hackage, cabal-get, and security

Isaac Jones ijones at syntaxpolice.org
Tue May 17 11:38:41 EDT 2005

"S. Alexander Jacobson" <alex at alexjacobson.com> writes:

> My solution in SearchPath (released yesterday) is to rely on a
> combination of HTTPS and links.
> The user selects module directories that they trust.  They access that
> directory via HTTPS.  The module directory maps module names to
> package/module URLs.  The user can decide that they only want to
> retrieve via HTTPS.

Since I believe your model is destributed, there aren't any attacks
between the packager and the server.  Well, there are, of course (how
does the packager get the package onto their web site) but that's
outside your system, so that's fine.

I'm not sure how you handle "hijacking" of a package.  I'm guessing
you leave it up to the end user to decide who the real maintainer of
the package is.

> This is effectively a web of trust model, but the only key management
> needed is getting an SSL cert from a CA like Verisign or Thawte.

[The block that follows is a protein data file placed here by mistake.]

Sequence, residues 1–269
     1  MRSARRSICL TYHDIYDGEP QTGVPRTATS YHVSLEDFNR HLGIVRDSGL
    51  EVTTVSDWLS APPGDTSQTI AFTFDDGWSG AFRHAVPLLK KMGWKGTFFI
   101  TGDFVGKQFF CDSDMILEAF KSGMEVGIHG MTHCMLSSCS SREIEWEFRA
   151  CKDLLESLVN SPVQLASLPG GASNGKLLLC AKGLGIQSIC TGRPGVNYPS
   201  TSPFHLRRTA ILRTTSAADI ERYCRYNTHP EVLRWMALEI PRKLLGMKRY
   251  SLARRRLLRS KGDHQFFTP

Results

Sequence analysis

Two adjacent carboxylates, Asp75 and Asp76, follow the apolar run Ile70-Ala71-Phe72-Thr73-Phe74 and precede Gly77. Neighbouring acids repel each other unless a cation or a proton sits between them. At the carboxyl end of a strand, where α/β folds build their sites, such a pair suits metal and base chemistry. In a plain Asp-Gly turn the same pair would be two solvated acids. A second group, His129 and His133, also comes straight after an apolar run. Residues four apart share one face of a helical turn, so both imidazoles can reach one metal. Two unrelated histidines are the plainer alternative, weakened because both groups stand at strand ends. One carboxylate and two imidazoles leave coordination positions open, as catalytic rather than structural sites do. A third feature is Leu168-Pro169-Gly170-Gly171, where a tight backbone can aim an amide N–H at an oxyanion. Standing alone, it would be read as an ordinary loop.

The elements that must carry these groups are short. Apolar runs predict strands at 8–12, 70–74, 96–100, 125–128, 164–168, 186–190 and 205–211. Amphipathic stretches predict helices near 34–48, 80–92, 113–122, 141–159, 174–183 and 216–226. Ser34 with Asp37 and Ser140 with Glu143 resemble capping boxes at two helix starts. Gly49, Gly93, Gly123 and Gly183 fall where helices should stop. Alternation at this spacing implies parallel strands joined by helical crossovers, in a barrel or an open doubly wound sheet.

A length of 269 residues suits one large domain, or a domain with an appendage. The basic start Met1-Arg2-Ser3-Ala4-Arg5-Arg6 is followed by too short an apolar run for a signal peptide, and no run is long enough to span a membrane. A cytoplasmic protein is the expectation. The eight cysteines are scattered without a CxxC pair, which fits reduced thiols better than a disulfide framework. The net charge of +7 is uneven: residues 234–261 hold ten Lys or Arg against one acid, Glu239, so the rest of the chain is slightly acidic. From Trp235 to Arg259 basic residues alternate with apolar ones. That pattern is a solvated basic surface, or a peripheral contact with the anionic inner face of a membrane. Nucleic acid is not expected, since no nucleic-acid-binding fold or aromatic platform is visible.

How does one generate a signed SSL certificate?  It's very costly,
isn't it?

> The open question here is whether it is easier to convince people to
> serve modules via HTTPS web servers or whether they prefer gnupg key
> management. A reason to believe that the former will be preferable to
> the later is that people can easily delegate SSL hosting to
> others. Delegating gnupg key management is non-trivial.

I'm not sure how delegating comes into it; maybe another way to say
this is that getting https working properly is so hard that you have
to get someone else to do it ;)

I wanted hackage to have a pretty secure chain between the packager
and the end-user, without the need for outside sysadmins, outside CAs,
or outside methods for moving the package to the web server.

The "web of identity / trust" would be much better if we had an
official central authority like a CA, though, rather than an ad-hoc



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